Kylington seems like an intriguing player on general upside alone, if not the ideal fit for what the Canucks are looking for. It’s hard to say for certain without knowing which RHDs the Canucks will have on hand to potentially partner Kylington with. If a more two-way, or even outright defensive, option is found, maybe Kylington makes more sense.
Mike Reilly, New York Islanders
LHD, 30, 6’1”, 196lb
 Cap HitGamesGoalsAssistsPointsAvg. TOICorsi
2023/24$1 mil616182417:0951.0%
Reilly is a tough defender to get a read on. He’s capable enough at either end of the ice, but might not quite qualify as what we typically call “two-way.” He’s perhaps better described as a relatively “safe” defender, who is best at keeping the puck moving in the right direction and eating up some quiet minutes.
He had a strange 2023/24, being placed on waivers by Florida and then picked up by the injury-plagued New York Islanders. But then Reilly proceeded to play a fairly important role for the Islanders, including playing more than 20 minutes a night in some of their playoff matches against the Hurricanes.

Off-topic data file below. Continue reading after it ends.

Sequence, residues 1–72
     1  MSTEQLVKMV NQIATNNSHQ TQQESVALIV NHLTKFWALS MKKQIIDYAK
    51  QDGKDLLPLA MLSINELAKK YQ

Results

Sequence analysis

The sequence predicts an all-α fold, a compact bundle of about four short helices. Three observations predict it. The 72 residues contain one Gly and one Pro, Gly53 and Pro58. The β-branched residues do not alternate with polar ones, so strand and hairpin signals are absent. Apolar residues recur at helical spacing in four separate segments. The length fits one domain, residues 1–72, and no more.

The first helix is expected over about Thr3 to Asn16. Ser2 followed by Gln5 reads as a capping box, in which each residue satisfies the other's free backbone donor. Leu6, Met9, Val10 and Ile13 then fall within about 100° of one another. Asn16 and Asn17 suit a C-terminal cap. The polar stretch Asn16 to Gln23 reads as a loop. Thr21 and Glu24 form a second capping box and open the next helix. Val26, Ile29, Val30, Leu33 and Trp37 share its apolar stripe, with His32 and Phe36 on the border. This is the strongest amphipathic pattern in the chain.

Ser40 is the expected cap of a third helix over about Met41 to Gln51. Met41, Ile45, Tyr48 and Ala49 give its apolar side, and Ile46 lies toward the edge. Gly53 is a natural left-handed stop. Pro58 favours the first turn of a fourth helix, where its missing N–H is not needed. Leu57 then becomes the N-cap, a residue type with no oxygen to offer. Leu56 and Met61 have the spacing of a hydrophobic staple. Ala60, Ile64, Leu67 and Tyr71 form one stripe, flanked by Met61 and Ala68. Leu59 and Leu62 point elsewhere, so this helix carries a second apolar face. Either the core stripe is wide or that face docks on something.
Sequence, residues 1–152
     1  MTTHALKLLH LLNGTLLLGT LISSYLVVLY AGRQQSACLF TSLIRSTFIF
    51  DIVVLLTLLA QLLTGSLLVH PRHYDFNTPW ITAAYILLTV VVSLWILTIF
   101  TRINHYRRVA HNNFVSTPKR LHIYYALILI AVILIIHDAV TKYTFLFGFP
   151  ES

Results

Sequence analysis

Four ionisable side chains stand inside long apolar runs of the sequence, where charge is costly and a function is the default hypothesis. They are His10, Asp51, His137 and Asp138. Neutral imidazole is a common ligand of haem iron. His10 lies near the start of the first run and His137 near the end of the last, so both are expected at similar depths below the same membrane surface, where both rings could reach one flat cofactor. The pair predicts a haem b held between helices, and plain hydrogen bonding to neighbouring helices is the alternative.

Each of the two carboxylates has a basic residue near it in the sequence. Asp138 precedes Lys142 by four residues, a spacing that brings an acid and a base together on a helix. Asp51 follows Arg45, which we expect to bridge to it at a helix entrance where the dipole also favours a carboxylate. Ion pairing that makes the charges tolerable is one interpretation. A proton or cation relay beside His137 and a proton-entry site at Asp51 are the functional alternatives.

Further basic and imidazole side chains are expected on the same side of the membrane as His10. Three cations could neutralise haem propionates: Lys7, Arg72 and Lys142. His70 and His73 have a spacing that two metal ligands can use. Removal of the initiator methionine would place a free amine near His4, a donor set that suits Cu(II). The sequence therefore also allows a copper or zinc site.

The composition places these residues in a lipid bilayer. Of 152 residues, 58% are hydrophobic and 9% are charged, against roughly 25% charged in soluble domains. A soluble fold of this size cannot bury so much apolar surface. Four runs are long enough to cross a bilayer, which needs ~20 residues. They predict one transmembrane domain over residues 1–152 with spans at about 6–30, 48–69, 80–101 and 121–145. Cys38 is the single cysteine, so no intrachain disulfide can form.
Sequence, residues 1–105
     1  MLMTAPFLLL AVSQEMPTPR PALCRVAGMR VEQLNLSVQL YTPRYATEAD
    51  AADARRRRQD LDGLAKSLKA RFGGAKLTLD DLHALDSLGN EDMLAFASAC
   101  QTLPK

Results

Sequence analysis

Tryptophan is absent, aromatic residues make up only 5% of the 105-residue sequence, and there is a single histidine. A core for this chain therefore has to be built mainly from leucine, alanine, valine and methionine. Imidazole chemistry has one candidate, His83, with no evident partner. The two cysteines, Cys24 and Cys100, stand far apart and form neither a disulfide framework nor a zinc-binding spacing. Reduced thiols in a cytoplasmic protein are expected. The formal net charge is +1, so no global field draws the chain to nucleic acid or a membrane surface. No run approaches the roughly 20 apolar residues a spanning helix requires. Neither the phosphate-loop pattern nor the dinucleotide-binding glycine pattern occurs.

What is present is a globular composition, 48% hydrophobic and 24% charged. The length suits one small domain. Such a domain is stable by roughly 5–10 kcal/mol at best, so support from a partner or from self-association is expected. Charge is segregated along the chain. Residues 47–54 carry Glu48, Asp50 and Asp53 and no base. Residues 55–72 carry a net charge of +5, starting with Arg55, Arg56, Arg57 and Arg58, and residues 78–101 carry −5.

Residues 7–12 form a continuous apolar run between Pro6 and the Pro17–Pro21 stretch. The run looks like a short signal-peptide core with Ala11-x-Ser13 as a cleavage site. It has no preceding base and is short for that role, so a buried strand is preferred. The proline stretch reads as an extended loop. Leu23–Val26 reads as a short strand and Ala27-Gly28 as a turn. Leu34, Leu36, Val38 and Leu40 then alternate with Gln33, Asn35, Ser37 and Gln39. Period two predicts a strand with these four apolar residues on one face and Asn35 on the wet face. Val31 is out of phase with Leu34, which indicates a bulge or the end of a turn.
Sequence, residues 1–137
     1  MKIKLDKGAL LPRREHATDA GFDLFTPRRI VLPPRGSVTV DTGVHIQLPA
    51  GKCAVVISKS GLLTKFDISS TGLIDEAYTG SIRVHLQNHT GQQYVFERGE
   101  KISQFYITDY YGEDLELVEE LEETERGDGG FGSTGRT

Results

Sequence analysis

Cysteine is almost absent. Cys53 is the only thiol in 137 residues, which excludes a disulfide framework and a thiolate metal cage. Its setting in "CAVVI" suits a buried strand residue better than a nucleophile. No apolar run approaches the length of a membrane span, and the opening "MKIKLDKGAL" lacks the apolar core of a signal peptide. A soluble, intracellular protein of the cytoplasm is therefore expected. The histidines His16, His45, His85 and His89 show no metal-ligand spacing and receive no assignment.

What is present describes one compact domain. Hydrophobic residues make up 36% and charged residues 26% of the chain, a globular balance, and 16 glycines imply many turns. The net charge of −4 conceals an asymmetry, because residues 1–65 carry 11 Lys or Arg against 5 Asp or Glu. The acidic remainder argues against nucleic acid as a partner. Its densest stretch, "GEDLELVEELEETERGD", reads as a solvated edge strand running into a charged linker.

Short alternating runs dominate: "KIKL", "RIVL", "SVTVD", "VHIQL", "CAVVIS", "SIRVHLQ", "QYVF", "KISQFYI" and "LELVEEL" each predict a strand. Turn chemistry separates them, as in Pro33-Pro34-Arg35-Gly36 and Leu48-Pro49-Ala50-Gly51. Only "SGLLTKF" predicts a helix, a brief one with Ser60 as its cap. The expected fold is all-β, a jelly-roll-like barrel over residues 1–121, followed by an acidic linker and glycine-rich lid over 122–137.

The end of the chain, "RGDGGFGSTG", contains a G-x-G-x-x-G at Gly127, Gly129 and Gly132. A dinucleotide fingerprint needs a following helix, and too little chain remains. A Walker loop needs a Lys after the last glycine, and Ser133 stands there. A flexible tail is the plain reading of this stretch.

Reilly represents a fine middle-ground on a one- or two-year contract if no more direct analogue for what Cole and Zadorov provided can be found.
Matt Grzelcyk, Boston Bruins
LHD, 30, 5’10”, 176lb
 Cap HitGamesGoalsAssistsPointsAvg. TOICorsi
2023/24$3.687 mil63291117:3645.1%
The phrase “all-around” gets thrown about a bit too much these days, but it does really apply to Grzelcyk, a defender said to have everything but size. He can skate, he can move the puck, he’s safe defensively, and he’s surprisingly physical given the frame. He’s also a player who was expected to take a further step forward at some point, but hasn’t, perhaps a combination of injuries and having to fight for minutes on a strong blueline in Boston.
The Canucks would probably prefer to avoid icing a left-side with two sub-6’0” defenders on it. But if they had to pick up another small LHD, Grzelcyk is definitely the best they could find, and probably a better overall option than some of the heavier players on this list. A reasonable consideration, but a questionable fit.
Dmitry Kulikov, Florida Panthers
LHD, 33, 6’1”, 201lb
 Cap HitGamesGoalsAssistsPointsAvg. TOICorsi
2023/24$1 mil761192016:3154.0%